The use of a global keyboard short-cut to access a command palette has become a common pattern in many apps such as VS Code, the Mac Operating System, and even your browser's Developer Tools. Adding such a UI affordance for power users makes sense for data focused apps such as what might be built with ZingGrid or ZingChart.
Enter Ninja Keys.
The Ninja Keys library by Sergei Sleptsov provides an easy way to add command palette support using a web component (link) to just about any web app. As an experiment let’s see if we can add it to ZingGrid to make grid commands super easy.
Creating a Simple ZingGrid Demo
To include ZingGrid in our demo, we will first download the library from the ZingGrid website and include it as a plain module script tag in our document
Next in our
<body> we'll create a simple 2 column grid containing first and last names of fake people.
Then after saving that code, when we open it in our browser it should render something like this:
Adding Ninja Keys to the Demo
To add Ninja Keys to the demo, first the library code needs to be included in the document. We can do this one of two ways: As an individual script module, or through an
import statement within an existing module. For now, we'll use the former.
The only other bit we need to add is the web component
<ninja-keys> somewhere in our document's
<body>. Simple as that.
Adding Shortcuts to Ninja Keys
As it stands initially, when we hit
K on Windows) there are no commands we can execute, which makes sense. We haven't told Ninja Keys how to interact with ZingGrid!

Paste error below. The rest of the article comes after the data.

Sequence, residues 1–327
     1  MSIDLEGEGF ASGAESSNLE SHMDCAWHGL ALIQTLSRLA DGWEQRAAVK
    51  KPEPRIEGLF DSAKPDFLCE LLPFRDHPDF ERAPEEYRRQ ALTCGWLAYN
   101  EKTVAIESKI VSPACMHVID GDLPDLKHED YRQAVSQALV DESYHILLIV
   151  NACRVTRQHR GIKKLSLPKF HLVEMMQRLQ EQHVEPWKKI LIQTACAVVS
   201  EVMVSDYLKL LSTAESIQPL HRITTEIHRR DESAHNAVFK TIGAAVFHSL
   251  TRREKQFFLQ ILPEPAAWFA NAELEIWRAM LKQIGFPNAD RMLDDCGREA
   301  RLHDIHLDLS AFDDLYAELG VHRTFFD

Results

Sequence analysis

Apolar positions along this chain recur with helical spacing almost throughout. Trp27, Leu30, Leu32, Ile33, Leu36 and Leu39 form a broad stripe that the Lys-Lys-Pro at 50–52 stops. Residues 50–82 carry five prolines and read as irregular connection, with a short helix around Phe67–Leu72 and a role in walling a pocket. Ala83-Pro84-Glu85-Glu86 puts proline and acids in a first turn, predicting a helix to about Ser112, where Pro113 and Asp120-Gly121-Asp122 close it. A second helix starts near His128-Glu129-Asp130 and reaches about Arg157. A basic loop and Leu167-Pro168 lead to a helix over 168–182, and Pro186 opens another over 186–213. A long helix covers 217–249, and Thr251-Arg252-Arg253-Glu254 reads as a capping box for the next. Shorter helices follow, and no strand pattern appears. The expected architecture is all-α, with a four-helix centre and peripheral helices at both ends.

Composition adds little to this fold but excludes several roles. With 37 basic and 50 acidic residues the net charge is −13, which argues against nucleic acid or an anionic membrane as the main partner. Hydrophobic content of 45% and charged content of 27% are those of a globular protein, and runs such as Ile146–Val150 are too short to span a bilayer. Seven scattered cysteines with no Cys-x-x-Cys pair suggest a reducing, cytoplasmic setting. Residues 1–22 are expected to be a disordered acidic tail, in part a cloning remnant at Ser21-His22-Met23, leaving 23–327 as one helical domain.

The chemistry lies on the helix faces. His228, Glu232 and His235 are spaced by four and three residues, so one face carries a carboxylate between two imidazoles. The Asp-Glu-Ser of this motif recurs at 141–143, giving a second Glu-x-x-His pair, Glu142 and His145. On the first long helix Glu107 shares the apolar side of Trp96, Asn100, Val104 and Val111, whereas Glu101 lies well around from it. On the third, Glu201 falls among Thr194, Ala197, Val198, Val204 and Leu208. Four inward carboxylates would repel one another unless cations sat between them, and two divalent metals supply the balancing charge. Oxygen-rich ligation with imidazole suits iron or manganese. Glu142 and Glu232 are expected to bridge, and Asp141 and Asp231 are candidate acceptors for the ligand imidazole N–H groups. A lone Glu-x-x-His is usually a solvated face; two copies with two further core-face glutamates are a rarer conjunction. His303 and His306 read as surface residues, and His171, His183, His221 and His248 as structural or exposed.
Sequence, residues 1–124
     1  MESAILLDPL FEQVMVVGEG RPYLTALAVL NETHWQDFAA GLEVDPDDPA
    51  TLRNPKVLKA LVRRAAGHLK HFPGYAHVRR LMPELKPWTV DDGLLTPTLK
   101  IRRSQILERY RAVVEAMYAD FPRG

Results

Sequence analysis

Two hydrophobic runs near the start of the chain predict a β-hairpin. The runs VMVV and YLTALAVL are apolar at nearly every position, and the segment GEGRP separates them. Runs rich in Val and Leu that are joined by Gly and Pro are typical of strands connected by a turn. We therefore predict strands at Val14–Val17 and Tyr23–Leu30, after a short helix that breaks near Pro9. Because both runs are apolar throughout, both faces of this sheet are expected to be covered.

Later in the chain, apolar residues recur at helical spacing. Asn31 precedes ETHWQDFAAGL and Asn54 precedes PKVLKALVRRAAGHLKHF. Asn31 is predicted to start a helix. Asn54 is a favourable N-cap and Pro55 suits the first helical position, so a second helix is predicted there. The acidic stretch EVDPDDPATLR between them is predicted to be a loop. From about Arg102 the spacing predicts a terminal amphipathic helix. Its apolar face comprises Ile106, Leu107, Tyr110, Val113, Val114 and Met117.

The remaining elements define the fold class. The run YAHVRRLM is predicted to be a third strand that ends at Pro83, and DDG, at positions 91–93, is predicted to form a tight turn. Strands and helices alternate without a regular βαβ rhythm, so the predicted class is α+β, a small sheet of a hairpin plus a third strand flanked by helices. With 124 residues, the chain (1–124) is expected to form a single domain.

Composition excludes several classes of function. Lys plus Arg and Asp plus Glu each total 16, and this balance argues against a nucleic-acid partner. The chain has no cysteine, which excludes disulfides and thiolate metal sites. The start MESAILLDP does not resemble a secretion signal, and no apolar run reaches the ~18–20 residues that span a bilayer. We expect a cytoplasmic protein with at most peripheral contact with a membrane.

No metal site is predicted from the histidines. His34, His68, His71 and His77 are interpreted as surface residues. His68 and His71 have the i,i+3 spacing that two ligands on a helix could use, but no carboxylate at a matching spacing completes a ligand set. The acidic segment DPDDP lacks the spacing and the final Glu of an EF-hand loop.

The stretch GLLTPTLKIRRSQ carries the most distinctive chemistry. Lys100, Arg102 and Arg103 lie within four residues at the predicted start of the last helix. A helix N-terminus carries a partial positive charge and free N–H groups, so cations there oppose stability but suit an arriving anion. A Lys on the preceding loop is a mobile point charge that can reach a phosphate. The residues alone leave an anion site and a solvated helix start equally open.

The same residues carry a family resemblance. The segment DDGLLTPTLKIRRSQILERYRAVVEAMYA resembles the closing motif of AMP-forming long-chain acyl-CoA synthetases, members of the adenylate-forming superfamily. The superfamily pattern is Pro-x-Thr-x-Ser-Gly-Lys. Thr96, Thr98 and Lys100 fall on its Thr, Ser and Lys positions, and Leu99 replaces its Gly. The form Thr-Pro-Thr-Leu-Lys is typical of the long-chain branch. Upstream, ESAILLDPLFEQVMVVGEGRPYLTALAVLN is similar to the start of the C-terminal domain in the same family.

To start adding shortcuts, first let's stub out a simple script module that will query any elements we need (in this case, just
<zing-grid>) and then add the array of shortcuts objects to that queried Ninja Keys element.
Next, let's add our first shortcut object to the
Shortcuts objects contain metadata about the shortcut such as a unique ID, a title to display, any parent shortcuts if it's nested, and a handler function to call when the shortcut is selected (among other things - to view all of the available options check out the Ninja Keys documentation here).
For now we'll create a shortcut to change the theme of the ZingGrid to
"dark" . Luckily, to do that all we have to do is set the
theme attribute on the
<zing-grid> element to
Next we have to fill in the
addToNinjaData() function we stubbed our earlier which will give this data to the
<ninja-keys> element that we queried earlier. Luckily the
<ninja-keys> API gives us a simple
data property we can set.
And now when we hit
K to bring up our shortcuts menu we see our Dark Theme shortcut given as a suggestion
And selecting it turns our
<zing-grid>'s theme dark!
While this is certainly exciting, we should also add a way to change the theme back to light.
Adding additional commands is as simple as adding objects to the
NINJA_DATA array we created earlier. If you'd like to make shortcuts that are a bit more complex or are nested, definitely check out the official Ninja Keys documentation.
ZingGrid has an incredibly extensive API and the documentation to back it up, so the shortcut possibilities are limitless.
Some Final Thoughts
Since ZingGrid is written with plain web technologies and does not rely on external frameworks or libraries, the interop with similarly minded libraries is a breeze.
Interested in having a command palette as a built in feature of ZingGrid? Let us know at email@example.com or chat with us directly via our online chat at https://www.zinggrid.com